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Family matters: the role of the family in immigrants' destination language acquisition


Studies of immigrants' destination language acquisition to date have focused on the individual. In contrast, this paper is concerned with the relationships among family members in the determinants of destination language proficiency among immigrants. A model of immigrant language proficiency is augmented to include dynamics among family members. It is tested using data on a sample of recent immigrants. Children are shown to have a negative effect on their mother's language proficiency, but no effect on their father's. There is a substantial positive correlation between the language skills of spouses. This is due to the correlation between spouses in both the measured and the unmeasured determinants of destination language skills, even when country of origin fixed effects are held constant.

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  1. This approach has been used in empirical studies of English-language skills among immigrants in the United States (Chiswick and Miller 1992, 1998) and Australia (Chiswick and Miller 1995, 1996, 1999), Hebrew-language skills in Israel (Beenstock 1996; Chiswick 1998), French- and English-language skills among immigrants in Canada (Chiswick and Miller 1992, 1994a, 2001) and language skills among immigrants in Germany (Dustmann 1994). The model is highly robust across destination countries, time periods, countries of origin and legal status. See also, Espenshade and Fu 1997 and Stevens 1994 for sociological approaches to this issue.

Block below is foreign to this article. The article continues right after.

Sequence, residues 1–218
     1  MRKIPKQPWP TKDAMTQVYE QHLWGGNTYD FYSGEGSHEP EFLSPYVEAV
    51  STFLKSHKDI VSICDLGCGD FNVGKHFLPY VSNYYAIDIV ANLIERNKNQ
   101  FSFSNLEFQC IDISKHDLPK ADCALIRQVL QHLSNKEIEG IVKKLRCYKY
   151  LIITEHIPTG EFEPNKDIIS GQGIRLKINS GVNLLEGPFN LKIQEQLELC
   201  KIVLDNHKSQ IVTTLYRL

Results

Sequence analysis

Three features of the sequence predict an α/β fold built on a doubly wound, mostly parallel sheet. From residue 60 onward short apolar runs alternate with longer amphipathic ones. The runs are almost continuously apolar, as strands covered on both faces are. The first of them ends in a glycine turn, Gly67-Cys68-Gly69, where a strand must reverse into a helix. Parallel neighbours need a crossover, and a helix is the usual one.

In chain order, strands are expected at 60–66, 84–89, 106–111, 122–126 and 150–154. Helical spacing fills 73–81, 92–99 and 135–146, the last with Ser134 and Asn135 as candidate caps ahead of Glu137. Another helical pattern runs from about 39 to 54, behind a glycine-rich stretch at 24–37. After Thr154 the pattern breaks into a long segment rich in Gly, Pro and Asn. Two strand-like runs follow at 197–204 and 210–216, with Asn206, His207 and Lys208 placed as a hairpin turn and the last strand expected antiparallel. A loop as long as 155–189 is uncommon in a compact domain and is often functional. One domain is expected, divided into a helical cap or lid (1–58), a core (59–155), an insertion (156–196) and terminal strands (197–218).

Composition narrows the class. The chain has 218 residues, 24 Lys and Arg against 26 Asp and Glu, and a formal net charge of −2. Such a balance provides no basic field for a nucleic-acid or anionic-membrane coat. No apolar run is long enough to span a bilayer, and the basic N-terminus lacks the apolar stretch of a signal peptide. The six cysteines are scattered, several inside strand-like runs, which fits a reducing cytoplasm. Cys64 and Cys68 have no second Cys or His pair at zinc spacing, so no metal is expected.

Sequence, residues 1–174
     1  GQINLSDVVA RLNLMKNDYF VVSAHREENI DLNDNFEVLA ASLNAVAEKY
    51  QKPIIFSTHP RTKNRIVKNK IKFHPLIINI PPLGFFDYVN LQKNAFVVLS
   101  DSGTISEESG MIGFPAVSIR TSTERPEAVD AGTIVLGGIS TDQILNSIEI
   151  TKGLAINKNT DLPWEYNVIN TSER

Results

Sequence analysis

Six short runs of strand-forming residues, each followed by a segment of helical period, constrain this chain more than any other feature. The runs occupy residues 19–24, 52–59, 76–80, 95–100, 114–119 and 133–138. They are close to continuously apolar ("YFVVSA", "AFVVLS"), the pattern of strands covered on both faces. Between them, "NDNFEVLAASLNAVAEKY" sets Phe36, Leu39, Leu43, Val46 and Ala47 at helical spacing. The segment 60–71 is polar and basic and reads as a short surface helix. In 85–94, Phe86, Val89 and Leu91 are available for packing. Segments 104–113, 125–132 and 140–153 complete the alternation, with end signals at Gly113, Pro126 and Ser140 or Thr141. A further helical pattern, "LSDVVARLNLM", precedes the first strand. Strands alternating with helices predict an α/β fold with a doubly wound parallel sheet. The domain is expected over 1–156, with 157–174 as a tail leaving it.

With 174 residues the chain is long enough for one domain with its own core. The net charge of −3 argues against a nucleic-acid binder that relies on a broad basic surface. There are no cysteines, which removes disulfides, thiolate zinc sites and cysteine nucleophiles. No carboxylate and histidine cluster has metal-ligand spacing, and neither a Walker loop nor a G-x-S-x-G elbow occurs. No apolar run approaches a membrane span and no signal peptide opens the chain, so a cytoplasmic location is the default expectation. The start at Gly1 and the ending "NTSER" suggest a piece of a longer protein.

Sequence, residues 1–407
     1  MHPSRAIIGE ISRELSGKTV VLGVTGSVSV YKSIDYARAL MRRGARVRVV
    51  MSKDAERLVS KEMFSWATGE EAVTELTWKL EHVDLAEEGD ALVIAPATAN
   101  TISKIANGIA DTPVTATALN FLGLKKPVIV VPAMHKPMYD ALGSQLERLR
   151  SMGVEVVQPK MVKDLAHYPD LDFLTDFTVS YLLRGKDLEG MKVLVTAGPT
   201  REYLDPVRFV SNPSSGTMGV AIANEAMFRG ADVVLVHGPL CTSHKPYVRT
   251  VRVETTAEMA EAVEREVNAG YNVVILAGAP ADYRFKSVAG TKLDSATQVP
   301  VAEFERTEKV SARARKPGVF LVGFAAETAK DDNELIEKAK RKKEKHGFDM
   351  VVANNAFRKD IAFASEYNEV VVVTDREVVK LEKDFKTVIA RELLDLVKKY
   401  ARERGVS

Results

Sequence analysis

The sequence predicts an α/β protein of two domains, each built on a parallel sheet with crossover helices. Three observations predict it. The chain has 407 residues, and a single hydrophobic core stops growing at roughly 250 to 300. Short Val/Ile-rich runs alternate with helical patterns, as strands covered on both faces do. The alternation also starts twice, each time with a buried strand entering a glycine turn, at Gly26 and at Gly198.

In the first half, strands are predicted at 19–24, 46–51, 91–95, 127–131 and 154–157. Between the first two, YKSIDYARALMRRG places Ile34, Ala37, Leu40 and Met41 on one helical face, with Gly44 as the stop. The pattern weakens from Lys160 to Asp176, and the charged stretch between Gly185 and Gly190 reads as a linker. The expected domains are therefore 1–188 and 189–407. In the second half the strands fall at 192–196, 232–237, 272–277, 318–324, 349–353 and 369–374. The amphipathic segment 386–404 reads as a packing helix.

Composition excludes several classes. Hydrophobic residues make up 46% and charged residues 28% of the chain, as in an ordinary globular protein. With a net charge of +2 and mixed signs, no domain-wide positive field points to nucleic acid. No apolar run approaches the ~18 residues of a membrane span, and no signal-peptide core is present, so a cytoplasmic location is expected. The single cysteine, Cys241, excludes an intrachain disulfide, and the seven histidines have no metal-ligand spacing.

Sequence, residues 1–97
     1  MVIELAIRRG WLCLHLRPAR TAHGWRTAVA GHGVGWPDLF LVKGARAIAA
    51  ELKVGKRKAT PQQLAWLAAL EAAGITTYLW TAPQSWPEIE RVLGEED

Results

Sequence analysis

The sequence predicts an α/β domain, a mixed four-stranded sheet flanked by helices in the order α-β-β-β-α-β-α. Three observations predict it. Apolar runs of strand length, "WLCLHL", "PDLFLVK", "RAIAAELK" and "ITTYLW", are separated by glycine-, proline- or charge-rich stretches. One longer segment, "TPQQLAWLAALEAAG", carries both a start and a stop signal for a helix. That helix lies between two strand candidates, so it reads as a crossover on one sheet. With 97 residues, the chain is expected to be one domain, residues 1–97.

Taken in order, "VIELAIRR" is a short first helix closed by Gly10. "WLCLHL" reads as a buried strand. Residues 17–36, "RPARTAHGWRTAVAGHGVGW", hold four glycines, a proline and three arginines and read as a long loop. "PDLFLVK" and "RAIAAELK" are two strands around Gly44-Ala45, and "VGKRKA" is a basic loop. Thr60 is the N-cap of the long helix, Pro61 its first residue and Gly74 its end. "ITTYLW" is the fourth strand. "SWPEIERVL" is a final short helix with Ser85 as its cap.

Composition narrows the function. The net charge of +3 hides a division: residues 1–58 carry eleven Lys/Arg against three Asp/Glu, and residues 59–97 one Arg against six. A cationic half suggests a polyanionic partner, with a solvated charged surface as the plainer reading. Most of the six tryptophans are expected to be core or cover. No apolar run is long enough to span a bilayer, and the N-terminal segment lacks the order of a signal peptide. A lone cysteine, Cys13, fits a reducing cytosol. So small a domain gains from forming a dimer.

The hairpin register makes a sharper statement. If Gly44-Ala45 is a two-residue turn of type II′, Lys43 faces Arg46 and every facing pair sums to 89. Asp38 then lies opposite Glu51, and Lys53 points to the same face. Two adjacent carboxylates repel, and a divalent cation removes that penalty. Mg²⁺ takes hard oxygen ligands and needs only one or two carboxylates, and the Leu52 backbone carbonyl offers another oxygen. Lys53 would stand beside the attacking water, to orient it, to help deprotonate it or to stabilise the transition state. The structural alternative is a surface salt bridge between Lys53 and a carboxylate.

2. For studies focusing on what for our purposes are “unmeasured” relevant characteristics, including attitudes, motivation and personality traits, that influence dominant language or second-language learning, see Gardiner 1990 and Svanes 1987.

  3. The Principal Applicant is the person upon whom the approval to immigrate was based. Excluded from the survey are New Zealand citizens and those granted a visa while resident in Australia. Information on visa category is obtained from administrative records. The five main visa categories are Preferential Family, Concessional Family, Business Skills and Employer Nomination, Independent, and Humanitarian.

  4. Variables that by construction of the data are common to both PAs and spouses are “visit of the PA to Australia prior to migration”, “reasons for choosing State”, “ethnic agencies contact”, and the family structure variables.

  5. For analyses of gender differences in destination language acquisition, see Chiswick and Miller 1994b and Stevens 1986.

  6. Using the same survey, but considering subsequent waves, Chiswick et al. 2005b show, however, that the influence of visa category on English-speaking skills diminishes with duration in the country.